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Photo: Courtesy Farrar, Straus and Giroux. In , when Stacey Haney is tempted with a natural-gas lease, the single mom signs because both she and her hometown—pastoral Amity, Pennsylvania—need an economic boost. As it turns out, that monetary influx comes with a deep cost: her water is contaminated, her home deteriorates, her children become sick, and her farm animals begin dying.

Journalist Eliza Grizwold does a phenomenal job —one that snagged her a Pulitzer—of navigating the messy reality of energy politics in rural America. Photo: Courtesy Mountaineers Books. Photo: Courtesy Riverhead Books. In her debut novel, Claire Vaye Watkins imagined Southern California as a wild, waterless wasteland, a post-drought dead zone where rain is but a memory and massive waves of sand swallow the landscape whole.

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There is a love story here, and a desperate clawing toward hope. Even in its most sci-fi moments, Gold Fame Citrus bats terrifyingly close to the truth for anyone who lives in these parts and has to face the same chilling question the author poses: Who will survive when the water runs out?


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Photo: Courtesy Henry Holt and Co. Kolbert has long been a voice of meticulously reported urgency for the effects of climate change. The language we now use when talking about climate issues reflects the growing urgency of living on a planet seemingly fast-tracked toward demise. Photo: Courtesy Picador. He treats the sci-fi premise with the seriousness of nonfiction, consulting engineers, conservationists, paleontologists, and scientists to paint a picture of subways filling with water, skyscrapers falling like trees, and beaches continuing to fill with plastic trash.

Photo: Courtesy Knopf. Photo: Courtesy Penguin Books. What he learns from his arboreal brethren is a lesson for us all —that we should better tend to our own place in the natural world. Photo: Courtesy Sarabande Books. Photo: Courtesy Counterpoint Press. Over the past few years, the outdoor industry has finally begun to grapple, if awkwardly, with the dynamics of race in America.

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These conversations owe a lot to the crucial work of writers like Carolyn Finney. Photo: Courtesy Milkweed Editions. Professor and botanist Robin Wall Kimmerer knows that the answers to all forms of ecological unbalance have long been hidden in plain sight, told in the language of plants and animals, minerals and elements. Photo: Courtesy Random House. Arnold describes some pretty phenomenal athletic achievements, to be sure, but what sticks around long after the last page is her story of surefooted personal redemption. Photo: Courtesy Grand Harbor Press.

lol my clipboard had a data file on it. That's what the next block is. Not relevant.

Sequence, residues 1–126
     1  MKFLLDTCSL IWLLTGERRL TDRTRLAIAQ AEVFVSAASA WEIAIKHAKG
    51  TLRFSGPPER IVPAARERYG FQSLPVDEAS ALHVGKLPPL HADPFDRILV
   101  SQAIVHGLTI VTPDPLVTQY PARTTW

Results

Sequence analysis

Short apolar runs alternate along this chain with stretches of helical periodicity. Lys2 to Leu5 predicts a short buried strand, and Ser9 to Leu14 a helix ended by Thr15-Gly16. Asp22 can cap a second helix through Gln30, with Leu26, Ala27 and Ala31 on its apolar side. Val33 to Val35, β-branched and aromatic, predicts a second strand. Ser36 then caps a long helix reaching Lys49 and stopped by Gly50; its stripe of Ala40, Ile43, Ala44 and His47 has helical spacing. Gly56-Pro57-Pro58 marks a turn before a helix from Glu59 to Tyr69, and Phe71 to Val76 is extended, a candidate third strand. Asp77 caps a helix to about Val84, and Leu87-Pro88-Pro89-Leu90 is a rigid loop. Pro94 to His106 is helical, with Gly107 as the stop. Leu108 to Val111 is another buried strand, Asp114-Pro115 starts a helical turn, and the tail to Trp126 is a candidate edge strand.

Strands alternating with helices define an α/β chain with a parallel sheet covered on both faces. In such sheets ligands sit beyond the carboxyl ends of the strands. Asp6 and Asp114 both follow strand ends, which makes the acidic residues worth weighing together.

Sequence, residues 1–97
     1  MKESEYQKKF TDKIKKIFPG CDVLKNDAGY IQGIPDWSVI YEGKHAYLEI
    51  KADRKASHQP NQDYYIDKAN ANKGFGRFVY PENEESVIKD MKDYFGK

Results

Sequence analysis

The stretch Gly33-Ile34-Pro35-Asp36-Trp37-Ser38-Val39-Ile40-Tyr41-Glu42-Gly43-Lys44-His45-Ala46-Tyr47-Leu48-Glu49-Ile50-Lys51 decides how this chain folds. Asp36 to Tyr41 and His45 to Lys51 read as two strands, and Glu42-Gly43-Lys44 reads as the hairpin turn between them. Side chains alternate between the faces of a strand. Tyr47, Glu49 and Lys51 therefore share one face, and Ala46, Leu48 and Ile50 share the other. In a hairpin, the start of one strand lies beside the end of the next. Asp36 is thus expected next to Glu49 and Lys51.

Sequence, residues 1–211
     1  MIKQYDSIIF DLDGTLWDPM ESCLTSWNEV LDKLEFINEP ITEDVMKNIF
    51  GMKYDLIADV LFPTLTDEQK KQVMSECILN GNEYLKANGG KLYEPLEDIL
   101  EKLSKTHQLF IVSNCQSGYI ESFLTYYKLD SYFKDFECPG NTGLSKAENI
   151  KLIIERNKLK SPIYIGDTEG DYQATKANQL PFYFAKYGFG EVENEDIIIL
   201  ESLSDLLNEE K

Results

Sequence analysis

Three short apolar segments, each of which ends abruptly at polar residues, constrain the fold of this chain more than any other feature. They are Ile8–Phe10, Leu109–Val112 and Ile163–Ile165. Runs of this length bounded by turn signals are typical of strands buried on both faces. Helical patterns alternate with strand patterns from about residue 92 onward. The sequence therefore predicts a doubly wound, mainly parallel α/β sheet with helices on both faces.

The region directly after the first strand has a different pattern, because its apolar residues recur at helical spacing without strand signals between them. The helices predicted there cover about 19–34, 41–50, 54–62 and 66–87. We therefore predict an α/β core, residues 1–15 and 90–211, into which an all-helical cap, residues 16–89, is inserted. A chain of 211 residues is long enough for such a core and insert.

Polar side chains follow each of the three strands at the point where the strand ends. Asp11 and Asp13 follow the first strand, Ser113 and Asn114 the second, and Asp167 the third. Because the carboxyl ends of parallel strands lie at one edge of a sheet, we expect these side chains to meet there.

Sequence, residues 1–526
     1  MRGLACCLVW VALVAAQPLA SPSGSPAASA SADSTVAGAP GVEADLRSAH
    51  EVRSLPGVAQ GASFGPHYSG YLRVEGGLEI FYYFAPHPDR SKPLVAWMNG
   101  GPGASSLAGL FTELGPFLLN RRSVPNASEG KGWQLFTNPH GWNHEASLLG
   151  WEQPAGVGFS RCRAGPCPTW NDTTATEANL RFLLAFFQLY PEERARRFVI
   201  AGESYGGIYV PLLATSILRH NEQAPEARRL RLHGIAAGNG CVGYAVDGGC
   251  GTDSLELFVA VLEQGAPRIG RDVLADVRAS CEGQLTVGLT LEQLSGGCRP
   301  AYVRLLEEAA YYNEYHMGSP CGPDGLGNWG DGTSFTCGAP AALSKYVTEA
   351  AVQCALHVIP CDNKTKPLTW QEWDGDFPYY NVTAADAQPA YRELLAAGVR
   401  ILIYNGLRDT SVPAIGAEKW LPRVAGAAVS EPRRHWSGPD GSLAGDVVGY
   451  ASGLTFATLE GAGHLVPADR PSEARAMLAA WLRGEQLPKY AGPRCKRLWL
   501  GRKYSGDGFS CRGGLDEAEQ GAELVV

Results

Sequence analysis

Mirna Valerio has been called a fraud, a liar, too fat to run. Her memoir is a sort of joyful middle finger—an uplifting, unapologetic ode to living both fully and ferociously in the body you inhabit right here, right now. Professor and ornithologist J. Drew Lanham is a certifiable bird nerd, most comfortable among the fields and forests where his favorite subjects make their homes. Photo: Courtesy HarperCollins Publishers. Her story, which swings from a dogsled camp perched on an Alaskan glacier to a cozy shop tucked inside a frigid Norwegian village, is one of strength and vulnerability , growth and grit.

In his Pulitzer-winning memoir , however, Finnegan offers something equally visceral: a luminous detailing of his lifelong devotion to chasing waves. He takes us around the globe, from SoCal to Samoa, and guides us through his own maturation from eager grom to middle-aged mystic. Photo: Courtesy Carrot Quinn. With a stream-of-consciousness style and unglossed candor, she documents everything from sex to self-doubt to the sometime monotony of a months-long hike. Photo: Courtesy Grove Press. As it turns out, goshawks are some of the most difficult raptors to train, even for an experienced falconer like Macdonald, but the primal struggle is part of her healing.

Photo: Courtesy Solas House. Photo: Courtesy Penguin Group. In this series of poignant vignettes , Silko, who helped drive a surge in Native American literature that began in the late s, upholds an outdoor storytelling tradition that far predates the Thoreaus and Emersons of the world. She makes an impassioned case for this imperfect place while calling for its protection—especially the remaining scraps of once abundant longleaf pine forest, its bulk long gobbled up by commercial logging.

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Photo: Courtesy Alfred A. Knopf Canada. After immersing herself in scientific study—astrobiology—as a Rhodes Scholar at Oxford, Kate Harris links up with a childhood friend for a month cycling trip along the Silk Road , an overland trade route that once connected large swaths of Asia, northeast Africa, and southernmost Europe. Despite its premise, this is no example of parachute travel writing.